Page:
Data-plane security applications in adversarial settings

By on 25 Jan 2022

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High-speed programmable switches enable efficient in-network defences against cyberattacks. Unfortunately, many existing switch-based security applications are themselves vulnerable to attack, due to the compromises necessary to work within the constraints of today’s packet-processing hardware. Further advances are needed before we have efficient switch-based services that can withstand sophisticated adversaries.

Network operators need robust and efficient ways to protect their networks from cyberattacks. Dedicated hardware middleboxes such as firewalls and Intrusion Detection Systems (IDS) are the conventional choice, but they lack scalability and flexibility. Plus, managing a number of middleboxes also involves high operational and capital costs. Emerging programmable hardware switches offer an appealing alternative.

Unlike traditional fixed-function switches, programmable switches enable operators to develop and deploy customized, high-throughput in-network applications (for example, up to 12.8Tbs on the Intel Tofino2 switch) using high-level programming languages like P4. A single programmable hardware switch can serve multiple security and non-security applications like routing, greatly reducing hardware costs. 

Researchers have leveraged P4 and programmable switches to support a diverse set of security tasks (such as firewalls, IDSes, and DDoS mitigation). In particular, researchers have demonstrated the feasibility of porting conventional end-host-based security solutions, such as host-based spoofing detection, to programmable switches. Running at the border of a network, programmable switches have the potential to provide the same security benefits as those end-host-based security solutions, to all hosts in the network at high speed, without modifications to the end-hosts and without deploying dedicated middleboxes. 

Programmable switches seem to be a promising building block for developing performant and flexible security applications. However, before embracing this technology, we must understand the limitations.

Limitations

The design space of programmable switch-based applications is quite different from that of traditional software systems, due to the switch’s limited memory and processing resources and its restricted programming model. For example, a programmable switch should only process each packet once through its processing pipeline to guarantee line-rate performance. This limits the number of allowed operations, therefore some common operations (loop, multiplication, and so on) and cryptographic functions, which serve as the foundation for security applications, are not available.

To cope with these constraints, switch-based applications tend to make certain compromises to maintain high performance. For instance, since the switch does not offer a secure hash function and implementing such functions in the switch can be expensive, an application may use a weak, easy-to-implement hash function instead. The security implications of these commonly made compromises in switch-based applications are, unfortunately, understudied. This leads to the question: Are switch-based security applications secure enough to be used in real-world networks?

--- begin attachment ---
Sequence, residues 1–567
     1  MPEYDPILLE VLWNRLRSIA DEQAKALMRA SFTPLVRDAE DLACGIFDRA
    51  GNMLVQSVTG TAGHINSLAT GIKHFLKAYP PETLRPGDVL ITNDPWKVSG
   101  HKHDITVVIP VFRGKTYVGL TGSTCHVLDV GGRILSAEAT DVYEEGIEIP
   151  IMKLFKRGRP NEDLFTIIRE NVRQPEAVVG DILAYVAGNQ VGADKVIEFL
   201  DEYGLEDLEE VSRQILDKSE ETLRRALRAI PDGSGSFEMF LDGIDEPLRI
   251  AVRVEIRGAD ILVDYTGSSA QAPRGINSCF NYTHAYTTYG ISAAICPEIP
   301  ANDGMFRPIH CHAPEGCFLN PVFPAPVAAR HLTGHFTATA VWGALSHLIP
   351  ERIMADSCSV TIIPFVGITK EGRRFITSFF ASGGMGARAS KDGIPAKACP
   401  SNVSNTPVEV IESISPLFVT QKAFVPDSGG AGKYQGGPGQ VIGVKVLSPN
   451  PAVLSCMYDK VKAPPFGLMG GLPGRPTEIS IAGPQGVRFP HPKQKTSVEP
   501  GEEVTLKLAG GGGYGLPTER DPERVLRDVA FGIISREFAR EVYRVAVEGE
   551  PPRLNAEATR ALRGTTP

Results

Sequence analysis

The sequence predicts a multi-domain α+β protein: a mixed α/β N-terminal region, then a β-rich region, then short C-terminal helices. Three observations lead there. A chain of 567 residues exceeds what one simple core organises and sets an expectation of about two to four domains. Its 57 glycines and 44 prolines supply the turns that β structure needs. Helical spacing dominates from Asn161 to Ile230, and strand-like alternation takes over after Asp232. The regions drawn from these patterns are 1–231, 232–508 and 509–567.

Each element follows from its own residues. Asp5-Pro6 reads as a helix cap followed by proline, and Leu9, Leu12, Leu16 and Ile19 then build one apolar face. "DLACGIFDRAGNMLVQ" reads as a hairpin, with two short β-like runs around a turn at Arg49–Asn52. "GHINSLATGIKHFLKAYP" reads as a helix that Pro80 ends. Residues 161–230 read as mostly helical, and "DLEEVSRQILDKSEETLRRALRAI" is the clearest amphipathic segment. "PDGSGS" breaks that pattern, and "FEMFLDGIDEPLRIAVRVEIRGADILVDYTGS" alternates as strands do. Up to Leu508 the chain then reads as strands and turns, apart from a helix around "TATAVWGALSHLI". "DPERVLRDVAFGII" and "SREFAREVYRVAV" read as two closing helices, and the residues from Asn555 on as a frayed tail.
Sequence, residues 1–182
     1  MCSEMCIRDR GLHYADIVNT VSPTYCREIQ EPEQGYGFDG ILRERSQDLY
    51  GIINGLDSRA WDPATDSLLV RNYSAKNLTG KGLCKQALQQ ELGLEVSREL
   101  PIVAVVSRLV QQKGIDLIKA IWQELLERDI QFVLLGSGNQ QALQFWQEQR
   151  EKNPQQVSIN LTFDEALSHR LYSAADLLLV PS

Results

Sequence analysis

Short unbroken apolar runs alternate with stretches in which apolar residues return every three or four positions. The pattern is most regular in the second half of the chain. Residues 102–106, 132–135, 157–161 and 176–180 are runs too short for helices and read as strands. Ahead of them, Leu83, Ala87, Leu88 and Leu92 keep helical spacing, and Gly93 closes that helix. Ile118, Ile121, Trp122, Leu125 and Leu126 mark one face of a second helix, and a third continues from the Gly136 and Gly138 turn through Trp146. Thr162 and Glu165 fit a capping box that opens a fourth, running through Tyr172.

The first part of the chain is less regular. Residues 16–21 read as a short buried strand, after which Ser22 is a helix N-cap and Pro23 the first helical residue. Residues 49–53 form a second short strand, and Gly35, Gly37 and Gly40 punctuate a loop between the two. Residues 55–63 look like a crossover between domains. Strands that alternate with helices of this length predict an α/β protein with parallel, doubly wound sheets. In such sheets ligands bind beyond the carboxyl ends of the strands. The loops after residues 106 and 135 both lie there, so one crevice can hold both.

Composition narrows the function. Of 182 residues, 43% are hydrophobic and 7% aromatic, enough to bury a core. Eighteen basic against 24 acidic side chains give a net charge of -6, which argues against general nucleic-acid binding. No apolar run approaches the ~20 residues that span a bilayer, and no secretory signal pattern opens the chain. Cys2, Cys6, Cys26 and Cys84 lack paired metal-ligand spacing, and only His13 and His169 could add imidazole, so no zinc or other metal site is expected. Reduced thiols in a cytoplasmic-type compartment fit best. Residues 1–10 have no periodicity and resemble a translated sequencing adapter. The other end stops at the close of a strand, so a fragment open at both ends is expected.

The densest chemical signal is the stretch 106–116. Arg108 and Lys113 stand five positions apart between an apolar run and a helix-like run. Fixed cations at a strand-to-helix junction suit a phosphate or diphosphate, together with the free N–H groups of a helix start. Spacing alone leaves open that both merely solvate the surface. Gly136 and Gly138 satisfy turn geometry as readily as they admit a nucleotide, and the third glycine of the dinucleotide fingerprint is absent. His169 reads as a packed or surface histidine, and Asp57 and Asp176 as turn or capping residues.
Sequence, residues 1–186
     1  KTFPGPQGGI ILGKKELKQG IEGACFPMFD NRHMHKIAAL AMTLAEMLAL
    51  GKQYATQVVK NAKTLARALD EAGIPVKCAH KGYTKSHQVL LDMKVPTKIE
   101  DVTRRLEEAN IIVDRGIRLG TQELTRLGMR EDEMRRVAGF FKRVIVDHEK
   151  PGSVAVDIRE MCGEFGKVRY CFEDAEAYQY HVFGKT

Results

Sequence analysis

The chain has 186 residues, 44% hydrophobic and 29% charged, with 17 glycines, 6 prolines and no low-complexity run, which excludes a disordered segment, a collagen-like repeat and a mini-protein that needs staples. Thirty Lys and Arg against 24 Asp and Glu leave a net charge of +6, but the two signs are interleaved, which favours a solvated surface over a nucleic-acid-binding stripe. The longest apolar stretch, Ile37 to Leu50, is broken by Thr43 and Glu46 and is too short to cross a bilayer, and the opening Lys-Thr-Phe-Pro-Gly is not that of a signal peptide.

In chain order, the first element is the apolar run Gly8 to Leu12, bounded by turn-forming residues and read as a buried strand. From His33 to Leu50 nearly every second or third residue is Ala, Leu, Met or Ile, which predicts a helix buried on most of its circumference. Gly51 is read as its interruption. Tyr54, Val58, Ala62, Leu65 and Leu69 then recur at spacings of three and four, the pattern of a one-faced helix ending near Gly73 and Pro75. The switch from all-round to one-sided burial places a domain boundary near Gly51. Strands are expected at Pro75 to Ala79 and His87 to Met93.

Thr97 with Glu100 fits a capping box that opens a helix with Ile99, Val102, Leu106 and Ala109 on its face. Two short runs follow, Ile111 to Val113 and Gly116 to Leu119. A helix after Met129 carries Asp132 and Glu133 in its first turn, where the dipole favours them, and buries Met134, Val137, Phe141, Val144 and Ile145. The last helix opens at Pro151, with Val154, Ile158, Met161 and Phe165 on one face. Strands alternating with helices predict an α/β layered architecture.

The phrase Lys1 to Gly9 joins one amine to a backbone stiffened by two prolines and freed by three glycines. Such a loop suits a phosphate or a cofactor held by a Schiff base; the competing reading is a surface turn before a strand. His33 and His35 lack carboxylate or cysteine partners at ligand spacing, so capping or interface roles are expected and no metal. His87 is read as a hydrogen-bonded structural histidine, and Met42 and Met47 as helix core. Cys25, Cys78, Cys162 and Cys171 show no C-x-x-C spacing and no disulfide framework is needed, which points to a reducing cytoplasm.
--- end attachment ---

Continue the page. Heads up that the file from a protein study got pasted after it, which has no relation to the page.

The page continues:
Let’s look at an example.

Figure 1 — An example of a SYN proxy.
Figure 1 — An example of a SYN proxy.

Switch-based SYN Proxy

SYN proxy is a defence against TCP SYN flood attacks. In Figure 1, the SYN proxy responds to a SYN with a SYN-ACK, in which the initial TCP sequence number is a challenge — SYN cookies — generated by a secure hash function. If the ACK (for SYN-ACK) sent from the client contains the correct challenge, the proxy allowlists the corresponding five-tuple and forwards packets back and forth between the client and server. Compared to software-based SYN proxies, a SYN proxy implemented on the modern programmable hardware switch can easily keep up with the attack traffic of terabytes per second. 

A secure SYN proxy should make sure the generated SYN cookies cannot be easily forged by the adversary. In Linux, SYN cookies are computed using two rounds of SipHash, a lightweight secure hash function. Unfortunately, implementing secure hash functions on the current generation of programmable switches is challenging and may require sacrificing performance.

A quick workaround is to replace hash functions with CRC functions, which are the built-in primitives in programmable switches. Two known switch-based SYN proxies (as seen here and here) have been implemented in this way. Furthermore, in both SYN proxies, cookies are computed as a function of source and destination IPs, ports, and a constant N, where N is reused across all flows for a given time epoch — the justification is that the switch avoids maintaining per-flow state in this way and achieves better performance.